This week on Thursday and Friday (days 1 and 2), we’ll review Google Classroom and Powerschool to see if there’s anything we are missing. Then we’ll set goals for the next week for things related to Homework Completion, study skills, etc.
We’ll also get into the routine of doing our individual math warmups, and we’ll spend time reading–so bring your independent reading book please!
Good readers think as we read; that’s why we say ‘Reading is Thinking.’ There are many ways to think about what we read, but most good readers use a mix of strategies. On days 1 and 2 this week, (Monday and Tuesday), we’ll review some of the ways good readers think about what we read. You’ve probably been hearing about this in Humanities, but a little review is always a good thing, since effective reading is one of the most important ‘study skills’ there is.
I’ll demonstrate these a quick read aloud from a book I like. Then when we meet individually on day 5 and 6 to talk about your reading goals, I’ll check in with you about what strategies you are currently using the most.
Below are some strategies good readers use when reading.
Connect: Good readers use what they know to better understand what they read.
‘This reminds me of something that happened to me.’
‘This reminds me of something I know from school.’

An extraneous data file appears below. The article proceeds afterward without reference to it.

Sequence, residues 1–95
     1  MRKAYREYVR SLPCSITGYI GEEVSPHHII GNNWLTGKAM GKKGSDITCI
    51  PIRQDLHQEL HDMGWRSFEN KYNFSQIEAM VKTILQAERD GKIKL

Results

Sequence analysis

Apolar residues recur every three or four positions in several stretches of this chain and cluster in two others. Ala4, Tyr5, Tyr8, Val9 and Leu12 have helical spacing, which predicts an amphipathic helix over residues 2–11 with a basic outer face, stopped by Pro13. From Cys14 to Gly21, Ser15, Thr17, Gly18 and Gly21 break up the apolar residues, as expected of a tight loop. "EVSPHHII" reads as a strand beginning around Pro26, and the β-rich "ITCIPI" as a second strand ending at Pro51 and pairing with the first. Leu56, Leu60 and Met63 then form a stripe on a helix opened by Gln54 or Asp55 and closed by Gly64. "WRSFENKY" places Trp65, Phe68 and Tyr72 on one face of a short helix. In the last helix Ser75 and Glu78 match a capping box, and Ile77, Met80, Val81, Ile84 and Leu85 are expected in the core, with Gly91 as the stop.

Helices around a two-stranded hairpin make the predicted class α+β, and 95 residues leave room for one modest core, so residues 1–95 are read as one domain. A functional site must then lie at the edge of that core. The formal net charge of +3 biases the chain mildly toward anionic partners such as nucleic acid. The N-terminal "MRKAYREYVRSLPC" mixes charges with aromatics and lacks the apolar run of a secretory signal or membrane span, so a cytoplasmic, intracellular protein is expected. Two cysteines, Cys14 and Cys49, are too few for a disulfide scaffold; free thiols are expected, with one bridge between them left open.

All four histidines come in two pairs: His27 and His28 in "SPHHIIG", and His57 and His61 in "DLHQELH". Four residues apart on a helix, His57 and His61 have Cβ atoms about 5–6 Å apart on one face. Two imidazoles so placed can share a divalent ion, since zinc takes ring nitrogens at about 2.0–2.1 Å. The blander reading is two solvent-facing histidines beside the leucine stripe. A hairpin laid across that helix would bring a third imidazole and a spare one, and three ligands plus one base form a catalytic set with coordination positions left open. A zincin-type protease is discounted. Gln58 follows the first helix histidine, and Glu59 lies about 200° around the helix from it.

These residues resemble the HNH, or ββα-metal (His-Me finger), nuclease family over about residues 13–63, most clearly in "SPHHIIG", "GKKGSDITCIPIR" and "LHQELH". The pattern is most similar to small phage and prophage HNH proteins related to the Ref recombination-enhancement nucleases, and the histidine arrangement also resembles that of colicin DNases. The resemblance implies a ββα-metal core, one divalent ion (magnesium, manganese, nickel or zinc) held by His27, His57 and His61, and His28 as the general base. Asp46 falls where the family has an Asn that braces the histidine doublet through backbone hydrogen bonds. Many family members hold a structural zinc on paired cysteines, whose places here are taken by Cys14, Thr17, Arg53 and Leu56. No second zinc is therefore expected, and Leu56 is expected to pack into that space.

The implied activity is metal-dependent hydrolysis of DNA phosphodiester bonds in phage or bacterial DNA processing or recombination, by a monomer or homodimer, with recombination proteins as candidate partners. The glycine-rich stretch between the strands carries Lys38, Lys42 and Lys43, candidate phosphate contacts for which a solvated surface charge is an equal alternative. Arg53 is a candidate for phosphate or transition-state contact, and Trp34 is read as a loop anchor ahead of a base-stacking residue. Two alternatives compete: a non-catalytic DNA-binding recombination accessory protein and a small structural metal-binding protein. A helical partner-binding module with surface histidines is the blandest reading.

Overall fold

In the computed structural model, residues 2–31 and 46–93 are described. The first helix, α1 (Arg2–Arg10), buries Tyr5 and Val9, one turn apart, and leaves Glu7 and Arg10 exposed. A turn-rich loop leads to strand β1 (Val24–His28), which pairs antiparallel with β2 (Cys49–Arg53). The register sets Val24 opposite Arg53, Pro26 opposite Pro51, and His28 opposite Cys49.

This reminds me of another book I read.
Question: Good readers ask questions as they read.
‘Who, what, where, when, why?’
Predict: Good readers use clues to think what might happen next.
‘I predict ____ will happen…’
‘I think this character will____ because….’
Infer: Good readers use clues and what they know to understand things that are not directly stated in a book.
‘I think this means that…’
‘This clue makes me think the character is nervous/sad/happy.’
Visualize and use sensory images: Good readers imagine what a story looks, smells, sounds like…
‘In my mind I see…’
‘In my mind, I hear…’
Determine what is important: Good readers use what is important in what I read so they can summarize it or find answers to what they want to know.
‘This was mainly about….
‘I found answers to what I wanted to know in chapter 5 of this book….’
Synthesize: Good readers pull together many ideas to find the big ideas or themes in what they read.
‘The theme of this book is….’
‘One big idea I see here is that…’
Use evidence: Good readers support my thinking about what they read with evidence or clues.
On Day 7 and 8 this week (Thursday and Friday), we’re going to think about what motivates us in school: why do we study for important assessments? Why do we turn in homework on-time? Why do we care about what shows up on Powerschool or our report cards? This may be the most important thing we think about this year, because motivation is key to all learning.
All students (all people, really) are motivated by different things. In school, some work hard mostly for reasons that come from inside them. They study because they enjoy learning new things; or because they want to prepare themselves for what comes next–high school, university, their future careers; or because they find it satisfying to overcome challenges. Motivation that comes from inside us is called intrinsic motivation.